Secondary outcome [7] 371857 0
Work Productivity and Activity Impairment Questionnaire: Specific Health Problem V2.0 (WPAI:SHP; Reilly et al., 1993): This instrument measures the time away from work because of the work injury and its effect on productivity while at work. This outcome is expressed as impairment percentage, with higher numbers indicating greater impairment and less productivity, i.e., worse outcomes. An overall work productivity score will be calculated.
Timepoint [7] 371857 0
This will be collected at four time points: (1) initial consent/assessment (baseline), (2) 3 months from baseline, (3) 6 months from baseline, and (4) 12 months from baseline.
Secondary outcome [8] 371859 0
Total cost of claim for up to 1 year after the Worker's injury,including wage replacement, treatment costs, costs to workers. This information will be obtained from the insurer.
Timepoint [8] 371859 0
This is assessed at 12 months post date of injury.
Secondary outcome [9] 376732 0
Depression Anxiety Stress Scales (DASS-21; Lovibond & Lovibond, 1995): Anxiety severity sub-scale
Timepoint [9] 376732 0
This will be collected at four time points: (1) initial consent/assessment (baseline), (2) 3 months from baseline, (3) 6 months from baseline, and (4) 12 months from baseline.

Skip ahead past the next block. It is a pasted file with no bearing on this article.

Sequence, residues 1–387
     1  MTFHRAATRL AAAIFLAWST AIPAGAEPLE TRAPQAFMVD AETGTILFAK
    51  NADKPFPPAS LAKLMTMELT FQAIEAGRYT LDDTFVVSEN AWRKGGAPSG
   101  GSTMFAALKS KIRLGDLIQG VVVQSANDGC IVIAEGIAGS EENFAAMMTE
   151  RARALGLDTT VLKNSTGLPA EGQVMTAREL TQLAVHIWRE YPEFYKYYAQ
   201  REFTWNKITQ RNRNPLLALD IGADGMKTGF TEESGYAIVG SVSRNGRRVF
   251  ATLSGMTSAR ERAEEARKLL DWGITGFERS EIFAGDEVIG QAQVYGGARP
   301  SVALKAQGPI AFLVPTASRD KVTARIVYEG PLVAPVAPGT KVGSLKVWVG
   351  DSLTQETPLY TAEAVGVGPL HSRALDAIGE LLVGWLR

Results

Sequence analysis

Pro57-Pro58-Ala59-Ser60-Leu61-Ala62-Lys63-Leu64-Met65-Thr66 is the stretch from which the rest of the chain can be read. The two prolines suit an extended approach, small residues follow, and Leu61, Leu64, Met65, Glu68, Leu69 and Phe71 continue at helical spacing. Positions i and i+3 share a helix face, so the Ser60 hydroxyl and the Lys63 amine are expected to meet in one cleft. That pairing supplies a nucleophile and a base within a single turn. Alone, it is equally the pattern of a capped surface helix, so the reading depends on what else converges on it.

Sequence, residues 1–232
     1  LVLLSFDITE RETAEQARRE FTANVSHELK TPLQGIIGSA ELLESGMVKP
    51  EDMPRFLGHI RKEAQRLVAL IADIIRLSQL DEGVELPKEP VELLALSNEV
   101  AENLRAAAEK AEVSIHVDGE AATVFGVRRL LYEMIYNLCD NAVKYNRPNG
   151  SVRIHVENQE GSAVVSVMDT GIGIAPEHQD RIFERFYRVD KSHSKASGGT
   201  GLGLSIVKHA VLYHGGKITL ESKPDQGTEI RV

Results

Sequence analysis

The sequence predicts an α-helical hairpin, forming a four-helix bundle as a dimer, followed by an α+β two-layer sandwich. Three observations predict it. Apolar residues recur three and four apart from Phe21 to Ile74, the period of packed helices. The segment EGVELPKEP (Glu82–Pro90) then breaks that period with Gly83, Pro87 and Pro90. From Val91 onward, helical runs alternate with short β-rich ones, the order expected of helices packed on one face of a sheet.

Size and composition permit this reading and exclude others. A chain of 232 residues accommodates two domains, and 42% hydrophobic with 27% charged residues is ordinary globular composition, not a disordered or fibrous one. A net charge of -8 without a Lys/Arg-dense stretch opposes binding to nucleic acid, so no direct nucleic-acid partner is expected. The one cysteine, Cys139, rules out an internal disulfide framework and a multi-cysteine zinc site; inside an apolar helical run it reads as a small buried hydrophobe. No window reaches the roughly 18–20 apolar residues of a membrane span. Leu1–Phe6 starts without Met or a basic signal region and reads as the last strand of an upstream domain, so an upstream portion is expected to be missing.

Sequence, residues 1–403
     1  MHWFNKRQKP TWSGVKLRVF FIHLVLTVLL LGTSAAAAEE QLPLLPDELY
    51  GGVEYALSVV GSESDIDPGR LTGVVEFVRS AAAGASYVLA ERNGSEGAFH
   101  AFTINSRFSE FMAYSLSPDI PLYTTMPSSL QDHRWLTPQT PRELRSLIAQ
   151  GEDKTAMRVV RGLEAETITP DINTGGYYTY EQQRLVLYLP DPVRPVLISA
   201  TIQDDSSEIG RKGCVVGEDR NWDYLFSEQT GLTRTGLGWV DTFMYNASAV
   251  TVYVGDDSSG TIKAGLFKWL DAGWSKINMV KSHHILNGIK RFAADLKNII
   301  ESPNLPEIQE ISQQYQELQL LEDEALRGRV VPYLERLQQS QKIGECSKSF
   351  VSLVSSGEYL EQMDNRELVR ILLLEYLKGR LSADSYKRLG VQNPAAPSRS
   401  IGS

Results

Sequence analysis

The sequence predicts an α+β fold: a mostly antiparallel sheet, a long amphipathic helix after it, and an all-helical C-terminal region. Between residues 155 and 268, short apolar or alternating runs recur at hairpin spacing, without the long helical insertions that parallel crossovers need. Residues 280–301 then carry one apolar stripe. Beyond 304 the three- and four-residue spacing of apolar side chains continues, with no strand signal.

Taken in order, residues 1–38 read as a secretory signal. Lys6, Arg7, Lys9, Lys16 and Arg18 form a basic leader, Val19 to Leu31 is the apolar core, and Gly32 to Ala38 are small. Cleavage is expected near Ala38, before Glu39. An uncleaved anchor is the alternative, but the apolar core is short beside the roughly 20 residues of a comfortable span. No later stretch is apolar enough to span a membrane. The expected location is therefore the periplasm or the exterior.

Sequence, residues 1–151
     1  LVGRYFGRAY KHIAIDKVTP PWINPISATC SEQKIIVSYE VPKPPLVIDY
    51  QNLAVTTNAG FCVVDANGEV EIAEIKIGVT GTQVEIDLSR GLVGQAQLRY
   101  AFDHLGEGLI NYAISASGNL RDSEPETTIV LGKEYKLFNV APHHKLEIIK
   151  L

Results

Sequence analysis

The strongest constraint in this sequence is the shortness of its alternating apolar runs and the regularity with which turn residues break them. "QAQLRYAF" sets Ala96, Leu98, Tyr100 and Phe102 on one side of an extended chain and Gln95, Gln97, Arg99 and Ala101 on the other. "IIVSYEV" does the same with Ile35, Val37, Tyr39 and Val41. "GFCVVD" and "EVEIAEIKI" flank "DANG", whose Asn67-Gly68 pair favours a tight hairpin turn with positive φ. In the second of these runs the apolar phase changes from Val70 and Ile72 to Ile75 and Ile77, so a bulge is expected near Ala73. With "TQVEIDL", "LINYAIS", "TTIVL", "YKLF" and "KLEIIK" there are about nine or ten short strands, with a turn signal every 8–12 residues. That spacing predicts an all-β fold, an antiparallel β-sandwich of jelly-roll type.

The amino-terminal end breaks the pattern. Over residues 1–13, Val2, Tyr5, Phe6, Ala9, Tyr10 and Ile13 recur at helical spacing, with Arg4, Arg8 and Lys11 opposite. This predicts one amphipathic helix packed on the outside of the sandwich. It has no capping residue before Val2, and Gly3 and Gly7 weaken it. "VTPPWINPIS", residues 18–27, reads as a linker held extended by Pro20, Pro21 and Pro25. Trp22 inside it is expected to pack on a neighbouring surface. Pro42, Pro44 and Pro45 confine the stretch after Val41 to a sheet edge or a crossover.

Eligibility
Key inclusion criteria
The key inclusion criteria are:
• Having a current workers compensation claim
• Having a musculoskeletal injury
• Being unfit for work or Not returned to pre-injury duties and capacity (as per the Certificate of Capacity)
• Living in an identified postcode, which is close to a participating Pain Management Clinic
• Having a score of 50/100 or greater on the Örebro Musculoskeletal Pain Screening Questionnaire (*ÖMPSQ) OR currently using opioids for pain
• Within 14 to 90 days of the Worker having notified iCare about the injury
Minimum age
18 Years
Maximum age
No limit
Gender
Both males and females
Can healthy volunteers participate?
No
Key exclusion criteria
The exclusion criteria are:
• Being considered for surgery (scheduled or definite booking pending)
• Having a primary psychological injury
• Having a catastrophic injury (e.g. spinal cord injury)
• Having an injury due to assault
• Being a casual, contracted or labour-hire worker who could be job detached (where their contract has expired and/or there is no job to return to).
• Having concurrent claims where the worker already has an open claim when the new injury occurs.

Study design
Purpose of the study
Treatment
Allocation to intervention
Non-randomised trial
Procedure for enrolling a subject and allocating the treatment (allocation concealment procedures)
Methods used to generate the sequence in which subjects will be randomised (sequence generation)
Masking / blinding
Blinded (masking used)
Who is / are masked / blinded?


The people assessing the outcomes
The people analysing the results/data
Intervention assignment
Parallel
Other design features
Controlled prospective design
Phase
Not Applicable
Type of endpoint(s)
Efficacy
Statistical methods / analysis
We will be reporting descriptive statistics regarding demographic variables, as well as measures of psychological status, pain-related disability, and medication use for each participant. The main analysis involves comparing between both groups on duration of lost time from work.